Ethiopia emergency situation

Ethiopian women sitting on the ground in a desert thinking
Climate change and drought is affecting displaced Ethiopian families in the Somali regions. Many have lost their homes, livestock, and farmland. UNHCR and partners are assisting local authorities in meeting the critical needs of displaced Ethiopians, including shelter, core relief items, and water.   © UNHCR/Eugene Sibomana

Latest updates

Global Appeal 2023

2023 population planning figures  

  • Refugees and asylum-seekers: 121,000 

  • IDPs: 5.3 million 


2023 situation overview 

The conflict in northern Ethiopia is complex, fluid and evolving. August 2022 saw the resumption of hostilities in the three northern regions of Tigray, Amhara and Afar, leading to new displacement and restrictions on humanitarian movement and access to affected refugee and IDP populations, disrupting the delivery of protection and assistance.  

In 2023, depending on the evolution of the situation and access to affected areas, UNHCR will continue to provide essential aid to Ethiopian IDPs and Eritrean refugees affected by the hostilities. Humanitarian assistance will include shelter and core relief items as well as protection services for IDPs, including support for survivors of gender-based violence, and full multisector support for refugees as per UNHCR’s mandated responsibilities. 

The resumption of hostilities prompted UNHCR to review emergency preparedness measures in Sudan, in case of a flow of refugees into Gedaref and Kassala states. By the end of September 2022, there had been few new arrivals, but emergency preparedness measures such as border monitoring and the prepositioning of emergency relief items were complete. Efforts were underway to create additional space for new arrivals in existing camps while identifying additional sites as part of contingency planning. UNHCR declared an internal Level 1 emergency for Sudan, which will remain in force until March 2023. UNHCR will also continue its response in eastern Sudan and Blue Nile state, providing protection assistance, shelter, water, sanitation, health care, and logistics support. By the end of August 2022, some 60,000 Ethiopian refugees had crossed into Sudan. 

Global Report 2021

2021 Year-end population figures

  • Refugees (Ethiopian refugees in Sudan and Eritrean refugees in Ethiopia): 215,000
  • IDPs: 3.6 million

2021 Situation Overview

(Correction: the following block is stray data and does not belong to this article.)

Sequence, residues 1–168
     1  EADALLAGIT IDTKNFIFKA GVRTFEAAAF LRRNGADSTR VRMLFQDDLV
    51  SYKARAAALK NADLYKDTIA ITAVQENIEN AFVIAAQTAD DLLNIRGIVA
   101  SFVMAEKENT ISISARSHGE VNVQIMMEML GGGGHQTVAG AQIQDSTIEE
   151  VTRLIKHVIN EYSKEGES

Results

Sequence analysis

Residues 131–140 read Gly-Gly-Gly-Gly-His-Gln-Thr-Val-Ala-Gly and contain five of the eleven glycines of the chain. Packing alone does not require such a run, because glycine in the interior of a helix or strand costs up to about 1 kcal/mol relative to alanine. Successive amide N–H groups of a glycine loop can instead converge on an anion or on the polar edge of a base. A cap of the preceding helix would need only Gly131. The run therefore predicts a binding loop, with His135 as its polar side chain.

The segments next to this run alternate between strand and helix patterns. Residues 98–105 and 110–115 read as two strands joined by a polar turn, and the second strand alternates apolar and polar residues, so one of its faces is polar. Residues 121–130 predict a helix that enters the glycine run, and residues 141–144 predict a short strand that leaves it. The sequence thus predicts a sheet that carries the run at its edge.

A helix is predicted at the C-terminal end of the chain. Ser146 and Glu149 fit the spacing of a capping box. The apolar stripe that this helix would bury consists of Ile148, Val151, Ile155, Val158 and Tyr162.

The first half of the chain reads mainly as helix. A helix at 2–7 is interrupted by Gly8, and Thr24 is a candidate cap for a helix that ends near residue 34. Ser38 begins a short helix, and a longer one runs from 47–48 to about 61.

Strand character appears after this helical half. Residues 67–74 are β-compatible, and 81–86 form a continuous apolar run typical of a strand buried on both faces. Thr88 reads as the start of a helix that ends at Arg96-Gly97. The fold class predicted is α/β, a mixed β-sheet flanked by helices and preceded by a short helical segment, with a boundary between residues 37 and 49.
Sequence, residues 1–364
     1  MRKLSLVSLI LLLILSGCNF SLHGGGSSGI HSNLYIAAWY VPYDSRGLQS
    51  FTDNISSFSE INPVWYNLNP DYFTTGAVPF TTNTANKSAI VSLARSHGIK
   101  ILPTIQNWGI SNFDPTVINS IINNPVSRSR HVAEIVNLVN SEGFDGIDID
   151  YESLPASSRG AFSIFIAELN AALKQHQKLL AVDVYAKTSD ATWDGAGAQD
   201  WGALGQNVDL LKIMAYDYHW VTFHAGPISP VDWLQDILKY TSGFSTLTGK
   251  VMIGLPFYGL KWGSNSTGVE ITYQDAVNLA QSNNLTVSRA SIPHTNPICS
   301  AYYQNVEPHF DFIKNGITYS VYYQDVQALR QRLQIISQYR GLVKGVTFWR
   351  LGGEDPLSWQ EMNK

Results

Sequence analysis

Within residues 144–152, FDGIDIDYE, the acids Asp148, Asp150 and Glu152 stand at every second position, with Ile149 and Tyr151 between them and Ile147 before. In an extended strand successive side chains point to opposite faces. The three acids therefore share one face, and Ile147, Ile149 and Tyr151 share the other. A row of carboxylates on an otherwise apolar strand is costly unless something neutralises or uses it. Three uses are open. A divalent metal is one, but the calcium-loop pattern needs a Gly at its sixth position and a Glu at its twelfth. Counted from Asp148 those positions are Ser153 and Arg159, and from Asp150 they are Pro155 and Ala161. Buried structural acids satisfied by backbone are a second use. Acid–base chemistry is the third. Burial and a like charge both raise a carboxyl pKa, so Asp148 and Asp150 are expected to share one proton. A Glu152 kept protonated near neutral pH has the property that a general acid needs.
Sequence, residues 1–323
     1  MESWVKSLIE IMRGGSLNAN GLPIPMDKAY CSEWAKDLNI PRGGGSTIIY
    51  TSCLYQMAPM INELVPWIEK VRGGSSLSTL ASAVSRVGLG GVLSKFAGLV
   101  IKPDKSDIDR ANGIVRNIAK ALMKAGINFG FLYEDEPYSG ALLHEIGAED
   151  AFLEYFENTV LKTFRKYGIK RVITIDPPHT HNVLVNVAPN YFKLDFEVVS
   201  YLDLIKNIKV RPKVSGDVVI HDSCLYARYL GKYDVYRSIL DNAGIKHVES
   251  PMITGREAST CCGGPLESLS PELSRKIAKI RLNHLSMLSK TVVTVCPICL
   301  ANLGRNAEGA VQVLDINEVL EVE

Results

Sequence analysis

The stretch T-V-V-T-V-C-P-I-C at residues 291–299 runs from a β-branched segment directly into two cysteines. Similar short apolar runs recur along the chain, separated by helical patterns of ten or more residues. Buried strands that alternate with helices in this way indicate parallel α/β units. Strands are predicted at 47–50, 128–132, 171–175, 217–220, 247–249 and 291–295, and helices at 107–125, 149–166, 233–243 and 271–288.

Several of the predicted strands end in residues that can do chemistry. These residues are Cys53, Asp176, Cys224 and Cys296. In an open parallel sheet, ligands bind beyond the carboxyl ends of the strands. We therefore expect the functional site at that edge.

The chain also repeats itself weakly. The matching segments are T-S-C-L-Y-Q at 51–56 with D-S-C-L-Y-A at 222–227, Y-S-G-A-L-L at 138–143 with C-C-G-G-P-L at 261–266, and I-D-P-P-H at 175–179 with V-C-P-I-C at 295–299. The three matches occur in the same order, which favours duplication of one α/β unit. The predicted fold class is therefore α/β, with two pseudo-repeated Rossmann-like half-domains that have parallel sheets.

By the end of 2021, the conflict situation that began in the Tigray region of Ethiopia in November 2020 had significantly worsened with reported internal displacement and ongoing cross-border movements into Sudan. An estimated 3.6 million people were internally displaced as the conflict spread to the regions of Afar and Amhara. The establishment of a new refugee site in the Amhara region began in 2021 and was expected to host some 25,000 Eritrean refugees remaining in the camps in Tigray, as soon as voluntary relocation is possible.

A total of 57,000 Ethiopian refugees, (majority of whom arrived in 2020) were registered in Sudan by the end of 2021 where the emergency response remained focused on providing life-saving assistance and protection in the new refugee camps in Gedaref and Blue Nile states in Sudan, while ensuring preparedness in the event of a new influx.

UNHCR scaled up its response to address the humanitarian needs of IDPs for protection, shelter and core relief items in the Tigray region with the onset of the crisis. In 2021, UNHCR increased the operational footprint throughout Tigray and expanded its presence and operational response into Afar and Amhara regions as of August 2021. As UNHCR expanded its presence, UNHCR also activated and strengthened coordination leadership roles for the protection and camp coordination and camp management clusters, which are now active in all three regions. Stocks of core relief items for over 100,000 people were also put in place.

In the last quarter of 2021, over 1.2 million IDPs in northern Ethiopia were provided with protection and assistance services. UNHCR activated sub-regional protection clusters, with partnerships for protection outreach and monitoring activities in key locations, establishing a total of 65 protection desks for counselling, referrals and case management in the three regions.

In eastern Sudan, host to refugees from northern Ethiopia, UNHCR and other partner agencies worked to strengthen protection and continued to provide assistance in 2021. UNHCR operated in the refugee-hosting sites: Um Rakuba camp, Tunaydbah camp, Hamdayet transit centre, Babikri, Village 6 and Village 8 reception centre.

With anticipated new arrivals in 2022, UNHCR planned to expand the existing Tunaydbah and Um Rakuba camps for Ethiopian refugees while putting in place a contingency plan for larger arrivals at the same time. An additional site was identified for potential arrivals from the Amhara region.

UNHCR and partners made significant efforts in scaling up the protection response, with particular attention to gender-based violence and sexual exploitation and abuse. Some of the key areas of work included strengthening referral pathways, data sharing, awareness raising, and supporting community-based networks including additional protection desks and child friendly spaces and psychosocial support. Inter-agency training was provided to government officials, humanitarian actors and refugee volunteers.

Countries affected